Earlier today, Google announced their new console named the Nexus Player. It is essentially a set-top streaming device developed by both Google and Asus. The Nexus Player is the first device ever to be utilizing Android TV which was announced at end of June this year. The Nexus Player supports applications to stream videos from Netflix, YouTube, HuluPlus and a few more video streaming services. It will be available to purchase for $99 on November 3rd but you can pre-order it starting on October 17th.
The Nexus Player is very similar to the other set-top streaming boxes which are currently available like the Roku 3 or the Amazon Fire TV. It streams media from applications and displays them onto your television set. The Nexus Player is actually surprisingly lacking in the amount of applications available for download with the Roku 3 and Amazon Fire TV both having a wider range of applications to download thus allowing for more streaming options. The Nexus player supports the ability to "cast" video sources from compatible apps such as HBO Go and Crackle. Another feature the Nexus Player is able to do is screen mirroring. This is supported on the Chromebook and from the Chrome Browser and it essentially broadcasts your screen to the Nexus Player which then displays it onto your TV set.
The Nexus Player will come with the Nexus Player itself and a remote control which features a built in microphone for voice control. You can also purchase an additional controller which Google have branded as a "precise gamepad for serious gaming" for $40. The Nexus Player isn't very diverse in terms of connectivity. The Nexus Player is only compatible with an HDMI cord much like most of the newer devices we see today and it only supports WiFi with no ethernet port built into the Nexus Player or even a USB port for that matter.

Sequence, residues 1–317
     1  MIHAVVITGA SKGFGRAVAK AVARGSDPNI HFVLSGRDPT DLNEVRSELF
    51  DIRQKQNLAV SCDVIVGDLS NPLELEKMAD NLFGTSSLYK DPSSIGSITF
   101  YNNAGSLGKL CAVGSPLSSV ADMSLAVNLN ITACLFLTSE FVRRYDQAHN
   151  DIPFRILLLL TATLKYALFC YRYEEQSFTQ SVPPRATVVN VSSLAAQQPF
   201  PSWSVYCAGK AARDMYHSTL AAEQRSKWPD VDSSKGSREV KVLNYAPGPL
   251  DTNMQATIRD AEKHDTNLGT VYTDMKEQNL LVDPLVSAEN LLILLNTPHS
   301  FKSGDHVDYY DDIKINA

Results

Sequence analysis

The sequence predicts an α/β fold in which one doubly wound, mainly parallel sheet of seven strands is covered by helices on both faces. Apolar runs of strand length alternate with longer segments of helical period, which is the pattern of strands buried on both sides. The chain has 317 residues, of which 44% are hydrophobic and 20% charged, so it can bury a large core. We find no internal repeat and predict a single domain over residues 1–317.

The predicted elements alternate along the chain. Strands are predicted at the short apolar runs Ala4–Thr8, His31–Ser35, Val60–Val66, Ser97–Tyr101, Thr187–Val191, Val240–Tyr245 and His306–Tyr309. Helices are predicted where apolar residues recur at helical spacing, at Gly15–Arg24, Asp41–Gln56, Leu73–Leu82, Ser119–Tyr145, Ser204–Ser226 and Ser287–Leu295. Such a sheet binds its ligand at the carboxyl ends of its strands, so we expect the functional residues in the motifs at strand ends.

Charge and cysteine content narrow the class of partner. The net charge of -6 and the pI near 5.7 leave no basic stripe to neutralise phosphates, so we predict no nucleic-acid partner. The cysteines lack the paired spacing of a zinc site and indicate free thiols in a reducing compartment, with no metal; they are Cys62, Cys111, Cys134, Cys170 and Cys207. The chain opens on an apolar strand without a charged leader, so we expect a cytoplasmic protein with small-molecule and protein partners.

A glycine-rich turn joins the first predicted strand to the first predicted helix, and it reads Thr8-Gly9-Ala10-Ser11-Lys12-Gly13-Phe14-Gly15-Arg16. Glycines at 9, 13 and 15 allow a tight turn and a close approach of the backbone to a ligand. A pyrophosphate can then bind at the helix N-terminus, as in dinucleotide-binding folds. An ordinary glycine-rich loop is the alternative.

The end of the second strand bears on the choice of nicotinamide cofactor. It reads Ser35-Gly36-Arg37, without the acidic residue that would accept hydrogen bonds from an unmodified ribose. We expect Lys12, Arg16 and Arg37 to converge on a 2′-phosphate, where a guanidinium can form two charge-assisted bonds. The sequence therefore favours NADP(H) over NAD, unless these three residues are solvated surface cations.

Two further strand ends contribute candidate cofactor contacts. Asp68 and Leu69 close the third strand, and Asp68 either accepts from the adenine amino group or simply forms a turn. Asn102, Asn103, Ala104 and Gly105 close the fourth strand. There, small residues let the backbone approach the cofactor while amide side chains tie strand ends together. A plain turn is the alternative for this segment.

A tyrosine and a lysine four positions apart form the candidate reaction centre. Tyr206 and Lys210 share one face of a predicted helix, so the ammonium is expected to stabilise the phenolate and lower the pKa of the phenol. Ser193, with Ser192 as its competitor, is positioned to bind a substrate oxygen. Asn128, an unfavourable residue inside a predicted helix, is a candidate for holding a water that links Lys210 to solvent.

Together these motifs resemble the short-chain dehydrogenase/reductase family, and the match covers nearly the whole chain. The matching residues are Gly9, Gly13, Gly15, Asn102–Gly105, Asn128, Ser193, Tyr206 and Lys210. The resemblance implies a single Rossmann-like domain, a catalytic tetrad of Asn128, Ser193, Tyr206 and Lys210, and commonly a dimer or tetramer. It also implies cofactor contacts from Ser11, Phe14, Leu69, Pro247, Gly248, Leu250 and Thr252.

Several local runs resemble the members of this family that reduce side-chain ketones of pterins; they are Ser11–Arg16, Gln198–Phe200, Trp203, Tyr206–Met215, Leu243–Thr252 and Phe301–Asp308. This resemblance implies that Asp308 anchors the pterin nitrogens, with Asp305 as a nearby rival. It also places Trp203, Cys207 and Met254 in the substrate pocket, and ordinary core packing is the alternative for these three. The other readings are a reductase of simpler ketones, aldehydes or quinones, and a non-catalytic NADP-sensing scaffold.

The specifications of the Nexus Player include a 1.8GHz Quad Core, Intel® Atom processor with 1GB of ram and 8GB of storage. The full specification list is available to view in the spoiler below.
1.8GHz Quad Core, Intel® Atom™
Imagination PowerVR Series 6 Graphics 2D/3D Engine
Ports18W DC power
HDMI out (1920×1080@60Hz)
802.11ac 2×2 (MIMO)
120mm x 120mm x 20mm
The Nexus Player doesn't seem very impressive right now but Google have planned to update it periodically. They currently plan to broaden the library of applications currently available and to extend the compatibility of the voice search feature to other applications. What do you think? Would you purchase the Nexus Player in its current state? Do you think it is worth $99 with things such as the Roku and Amazon Fire TV on the market? Leave your thoughts below.